By Eltaf Najafizada
“Peace talks with the Taliban and other countrymen who accept the Afghan constitution, Afghanistan’s development, democracy and freedom have started this year, and God willing they are going well,” Karzai told a national youth conference in the capital, Kabul, yesterday. “International forces, especially America, are carrying out these talks.”
The U.S. hasn’t confirmed the talks and Afghan Taliban spokesmanZabihullah Mujahid has denied that they are taking place.
The Taliban ruled Afghanistan, harboring the al-Qaeda terrorist network, until they were ousted by a U.S.-led invasion following the Sept. 11 attacks in the U.S. President Barack Obama has said he will announce the first reduction of U.S. troops in Afghanistan next month.
About 100,000 U.S. soldiers are in Afghanistan, according to the Pentagon and Obama has pledged to fully transfer security duties to the Afghan government by 2014. Concern over the rising American debt has helped increase calls in Congress for the White House to withdraw a substantial number of U.S. troops from the country.
Karzai’s statement was his first to corroborate reports this month by the Washington Post andAssociated Press that cited unidentified U.S. and Afghan officials as saying secret U.S. talks were under way with a Taliban official close to the group’s leader, Mullah Mohammad Omar.
White House National Security Council spokeswoman Caitlin Hayden said in an e-mail yesterday that she couldn’t “confirm any specific interactions, but we continue to support an Afghan- led reconciliation and reintegration process that would bring insurgents in from the cold provided they meet the Afghan government’s long-standing redlines: renounce violence, break with al-Qaeda, and live under the constitution, including respect for the rights of women.”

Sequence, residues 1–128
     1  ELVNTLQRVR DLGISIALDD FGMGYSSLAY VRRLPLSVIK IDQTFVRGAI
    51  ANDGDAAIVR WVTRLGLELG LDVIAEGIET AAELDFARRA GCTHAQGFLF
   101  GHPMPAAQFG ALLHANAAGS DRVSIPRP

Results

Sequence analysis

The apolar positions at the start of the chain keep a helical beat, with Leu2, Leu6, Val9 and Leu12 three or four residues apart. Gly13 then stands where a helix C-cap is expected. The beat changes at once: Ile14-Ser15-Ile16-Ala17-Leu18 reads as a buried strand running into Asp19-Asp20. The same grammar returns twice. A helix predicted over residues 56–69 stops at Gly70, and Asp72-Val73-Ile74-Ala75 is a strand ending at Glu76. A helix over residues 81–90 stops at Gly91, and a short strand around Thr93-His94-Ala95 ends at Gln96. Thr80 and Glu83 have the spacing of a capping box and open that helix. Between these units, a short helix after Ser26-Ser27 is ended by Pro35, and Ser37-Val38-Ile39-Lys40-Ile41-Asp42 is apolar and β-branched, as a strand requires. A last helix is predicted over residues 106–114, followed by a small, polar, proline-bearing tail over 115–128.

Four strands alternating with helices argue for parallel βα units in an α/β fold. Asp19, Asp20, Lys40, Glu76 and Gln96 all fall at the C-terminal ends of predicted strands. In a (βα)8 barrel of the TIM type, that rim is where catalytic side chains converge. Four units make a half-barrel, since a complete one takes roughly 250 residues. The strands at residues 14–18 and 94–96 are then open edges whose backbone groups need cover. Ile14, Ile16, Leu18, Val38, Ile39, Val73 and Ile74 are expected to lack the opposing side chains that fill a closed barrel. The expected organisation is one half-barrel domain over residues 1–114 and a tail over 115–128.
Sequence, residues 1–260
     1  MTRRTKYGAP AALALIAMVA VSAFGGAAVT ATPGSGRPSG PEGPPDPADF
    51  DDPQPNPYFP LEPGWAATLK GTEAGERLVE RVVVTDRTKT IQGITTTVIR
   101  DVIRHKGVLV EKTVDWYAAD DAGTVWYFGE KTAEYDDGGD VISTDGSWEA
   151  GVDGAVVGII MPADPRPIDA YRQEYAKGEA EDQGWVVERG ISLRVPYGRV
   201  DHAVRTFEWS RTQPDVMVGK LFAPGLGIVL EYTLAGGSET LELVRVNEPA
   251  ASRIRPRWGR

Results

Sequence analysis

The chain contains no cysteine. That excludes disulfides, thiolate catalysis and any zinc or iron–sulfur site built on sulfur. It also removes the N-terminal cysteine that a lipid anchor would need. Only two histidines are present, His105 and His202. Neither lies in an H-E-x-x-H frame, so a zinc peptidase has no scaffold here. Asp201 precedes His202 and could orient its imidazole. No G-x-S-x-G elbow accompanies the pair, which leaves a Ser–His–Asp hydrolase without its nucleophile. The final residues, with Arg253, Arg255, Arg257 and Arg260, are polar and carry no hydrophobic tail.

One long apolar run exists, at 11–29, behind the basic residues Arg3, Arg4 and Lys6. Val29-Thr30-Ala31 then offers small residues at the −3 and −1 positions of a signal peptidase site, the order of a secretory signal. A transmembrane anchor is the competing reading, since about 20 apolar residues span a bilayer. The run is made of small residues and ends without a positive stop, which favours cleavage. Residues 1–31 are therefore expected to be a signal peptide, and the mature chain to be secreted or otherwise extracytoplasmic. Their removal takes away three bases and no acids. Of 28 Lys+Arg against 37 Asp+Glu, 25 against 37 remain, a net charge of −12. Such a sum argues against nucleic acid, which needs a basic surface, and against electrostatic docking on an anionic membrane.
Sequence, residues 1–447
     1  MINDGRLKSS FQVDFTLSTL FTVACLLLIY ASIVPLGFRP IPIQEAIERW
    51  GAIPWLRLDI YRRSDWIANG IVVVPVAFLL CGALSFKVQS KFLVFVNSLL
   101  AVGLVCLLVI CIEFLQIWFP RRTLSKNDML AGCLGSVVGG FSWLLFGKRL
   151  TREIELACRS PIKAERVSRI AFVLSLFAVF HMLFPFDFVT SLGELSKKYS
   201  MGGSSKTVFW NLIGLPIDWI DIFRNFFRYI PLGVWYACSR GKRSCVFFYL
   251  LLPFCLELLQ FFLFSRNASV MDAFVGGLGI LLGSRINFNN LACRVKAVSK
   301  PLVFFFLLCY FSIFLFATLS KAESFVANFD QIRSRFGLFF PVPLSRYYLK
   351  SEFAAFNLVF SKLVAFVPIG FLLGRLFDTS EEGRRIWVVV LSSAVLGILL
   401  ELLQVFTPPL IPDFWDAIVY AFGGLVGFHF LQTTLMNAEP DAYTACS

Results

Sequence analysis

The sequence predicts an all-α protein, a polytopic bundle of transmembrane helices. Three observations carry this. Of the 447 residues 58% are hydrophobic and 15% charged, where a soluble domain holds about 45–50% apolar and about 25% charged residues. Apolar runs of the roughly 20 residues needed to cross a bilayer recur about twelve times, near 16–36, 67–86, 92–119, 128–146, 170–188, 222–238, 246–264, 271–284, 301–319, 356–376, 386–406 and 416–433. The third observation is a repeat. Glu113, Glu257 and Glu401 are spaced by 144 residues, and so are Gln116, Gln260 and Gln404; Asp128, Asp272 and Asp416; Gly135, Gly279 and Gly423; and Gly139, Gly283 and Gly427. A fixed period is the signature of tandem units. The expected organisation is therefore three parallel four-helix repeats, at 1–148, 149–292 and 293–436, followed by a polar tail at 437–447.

“We have consistently supported an Afghan-led process of reconciliation,” State Department spokesman Mark Toner said in an e-mail yesterday. “Currently, we have a broad range of contacts across Afghanistan and the region, and at many levels, to support that effort.”
Karzai said his government isn’t taking part in the talks, and he underscored the essential role of neighboring Pakistan in any peace process. “Getting Pakistan’s help in peace talks is very important for us,” he said.
Pakistan’s military has backed the Afghan Taliban as a proxy force, according to analysts such as Pakistani author Ahmed Rashid and U.S. officials such as Admiral Mike Mullen, chairman of the Joint Chiefs of Staff. Last week, Karzai met Pakistani leaders to discuss their participation in Afghan peacemaking.
The Afghan leader said a High Peace Council that he appointed, which includes former Taliban officials, has opened contacts with the guerrillas.